This episode was recorded using Microsoft Teams and produced with Camtasia 2020

Take a listen and let us know what you think – feedback@needtoknow.cloud

You can listen directly to this episode at:

https://ciaops.podbean.com/e/episode-243-office-365-atp/

Subscribe via iTunes at:

https://itunes.apple.com/au/podcast/ciaops-need-to-know-podcasts/id406891445?mt=2

The podcast is also available on Stitcher at:

http://www.stitcher.com/podcast/ciaops/need-to-know-podcast?refid=stpr

Don’t forget to give the show a rating as well as send us any feedback or suggestions you may have for the show.

Resources

CIAOPS Patron Community

Office 365 ATP

@directorcia

Audit script update

About two years ago I created a free PowerShell script to report on tenant logins by checking the Unified Audit Log. You’ll find that original article here:

Auditing Office 365 user logins via PowerShell

I’ve now updated the script and added some functionality as well. But before you go off and run the script, make sure you have completed the pre-requisites:

1. You’ll need to ensure that you have enabled your Unified Audit Logs in the tenant. You can see how to do that here:

2. Prior to running the script you will have needed to install the Exchange Online PowerShell module. To set up your PowerShell environment I suggest you check out:

3. Connect to Exchange Online with PowerShell. For that I recommend you use my script:

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Once you have your PowerShell environment setup, you simply run the o365-connect-exov2.ps1 script as shown above.

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That should result in you being connected to Exchange Online PowerShell as shown above.

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At this point you can now run the o365-login-audit.ps1 script which you will find at:

https://github.com/directorcia/Office365/blob/master/o365-login-audit.ps1

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That should output the list of user logins from the Unified Audit Log for the past day as shown. It will show you both successful and failed login attempts, the time they occurred, the IP that the login came from the user attempting the login as shown above.

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If you instead run the o365-login-audit.ps1 script with the –fail parameter as shown above,

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The output will only display failed login attempt details as shown above.

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If you run the o365-login-audit.ps1 script with the –days parameter as shown above,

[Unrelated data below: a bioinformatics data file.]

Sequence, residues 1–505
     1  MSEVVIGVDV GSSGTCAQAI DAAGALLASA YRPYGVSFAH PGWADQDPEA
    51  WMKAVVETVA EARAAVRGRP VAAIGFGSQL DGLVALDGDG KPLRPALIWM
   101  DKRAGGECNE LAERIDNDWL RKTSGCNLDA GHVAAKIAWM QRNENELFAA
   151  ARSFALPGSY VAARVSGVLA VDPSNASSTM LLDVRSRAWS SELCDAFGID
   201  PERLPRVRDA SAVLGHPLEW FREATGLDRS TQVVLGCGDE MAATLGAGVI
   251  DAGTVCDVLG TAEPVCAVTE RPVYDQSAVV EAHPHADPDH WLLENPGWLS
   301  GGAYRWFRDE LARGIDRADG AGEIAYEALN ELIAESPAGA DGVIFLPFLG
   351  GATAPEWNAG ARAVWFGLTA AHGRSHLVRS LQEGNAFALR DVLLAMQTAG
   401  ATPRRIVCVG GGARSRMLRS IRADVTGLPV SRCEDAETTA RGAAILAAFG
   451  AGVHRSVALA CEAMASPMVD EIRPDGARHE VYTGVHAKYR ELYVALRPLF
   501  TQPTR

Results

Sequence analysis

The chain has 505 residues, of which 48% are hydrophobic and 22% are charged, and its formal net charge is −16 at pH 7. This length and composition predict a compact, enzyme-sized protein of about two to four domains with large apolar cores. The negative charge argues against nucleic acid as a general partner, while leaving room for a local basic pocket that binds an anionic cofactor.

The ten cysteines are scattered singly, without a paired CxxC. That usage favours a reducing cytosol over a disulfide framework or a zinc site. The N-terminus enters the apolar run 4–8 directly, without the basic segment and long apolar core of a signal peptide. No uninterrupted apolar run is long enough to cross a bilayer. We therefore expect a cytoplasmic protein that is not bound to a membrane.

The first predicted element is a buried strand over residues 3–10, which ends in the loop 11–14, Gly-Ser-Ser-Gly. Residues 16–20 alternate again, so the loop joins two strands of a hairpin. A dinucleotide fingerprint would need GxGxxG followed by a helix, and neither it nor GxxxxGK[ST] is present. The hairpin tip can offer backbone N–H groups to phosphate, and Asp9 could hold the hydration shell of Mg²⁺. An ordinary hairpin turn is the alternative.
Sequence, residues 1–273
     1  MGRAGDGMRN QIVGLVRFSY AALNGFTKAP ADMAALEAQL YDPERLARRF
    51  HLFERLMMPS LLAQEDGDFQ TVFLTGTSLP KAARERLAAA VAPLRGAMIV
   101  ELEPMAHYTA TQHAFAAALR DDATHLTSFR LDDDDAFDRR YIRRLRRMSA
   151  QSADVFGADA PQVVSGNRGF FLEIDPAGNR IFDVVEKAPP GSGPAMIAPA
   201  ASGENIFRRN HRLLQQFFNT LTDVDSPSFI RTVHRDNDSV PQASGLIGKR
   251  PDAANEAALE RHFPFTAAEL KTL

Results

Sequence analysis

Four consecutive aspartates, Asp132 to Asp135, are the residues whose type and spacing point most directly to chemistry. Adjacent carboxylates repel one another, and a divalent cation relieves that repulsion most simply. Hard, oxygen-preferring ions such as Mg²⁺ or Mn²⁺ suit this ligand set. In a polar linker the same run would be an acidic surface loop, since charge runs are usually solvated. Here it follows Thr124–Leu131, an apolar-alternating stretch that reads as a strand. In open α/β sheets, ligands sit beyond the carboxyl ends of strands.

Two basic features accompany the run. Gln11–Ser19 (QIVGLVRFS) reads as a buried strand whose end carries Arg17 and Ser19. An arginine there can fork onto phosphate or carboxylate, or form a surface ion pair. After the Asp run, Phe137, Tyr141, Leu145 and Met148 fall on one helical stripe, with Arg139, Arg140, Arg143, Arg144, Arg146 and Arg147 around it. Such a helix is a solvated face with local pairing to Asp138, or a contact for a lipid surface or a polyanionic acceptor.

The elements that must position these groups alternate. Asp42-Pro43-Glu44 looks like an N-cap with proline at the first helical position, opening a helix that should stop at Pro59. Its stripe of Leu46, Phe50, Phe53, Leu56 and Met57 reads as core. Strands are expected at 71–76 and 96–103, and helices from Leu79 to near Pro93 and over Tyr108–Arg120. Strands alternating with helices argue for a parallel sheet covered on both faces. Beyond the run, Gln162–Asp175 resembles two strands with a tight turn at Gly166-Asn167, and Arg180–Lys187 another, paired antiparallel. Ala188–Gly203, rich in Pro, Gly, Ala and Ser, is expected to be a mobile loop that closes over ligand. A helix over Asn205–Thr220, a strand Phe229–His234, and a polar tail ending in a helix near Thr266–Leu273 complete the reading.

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You will be prompted to enter the number of previous days you wish to check as shown above beyond the default one day. Remember, the more days you specify, the more logs need to be retrieved, and the longer the process will take.

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The results will be displayed as before. You will notice the message line in the output to the total number of days being checked.

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If you instead run the o365-login-audit.ps1 script with the –csv parameter as shown above,

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You will notice the same output but you will also see a line, as shown above, that confirms the total results have also been sent to a CSV file.

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if you look the parent directory, from where the script ran, you will find the CSV file (o365-login-audit.csv) mentioned previously as well as the script log file (o365-login-audit.txt).

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The script log file (o365-login-audit.txt), as shown above, contains the output from what was displayed on the screen when you ran the script. This file is always overwritten when the script runs.

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The CSV file contains all the log file entries for the period specified. This allows you to open the file in Excel and filter, sort and format as needed. A new CSV is created every time the script is run with the –csv option.

Thus, the o365-login-audit.ps1 script has 3 optional parameters, that can be used in any combination:

-fail = display only failed logins

-days = prompt for total number of days to check from current

-csv = output all logs for period to a CSV file in the parent directory. A new CSV file is created for each script execution

The script will also produce a log file (o365-login-audit.txt) in the parent directory, that is overwritten on the each run of the script.

You will find this script and all my publicly available scripts at:

http://github.com/directorcia

Don’t forget to check back there regularly for updates. Also, if you have any feedback or suggestion on this script or what you’d like to see me create, please let me know. I also maintain a large array of additional scripts via a paid subscription. More details of that can be found at www.ciaopspatron.com.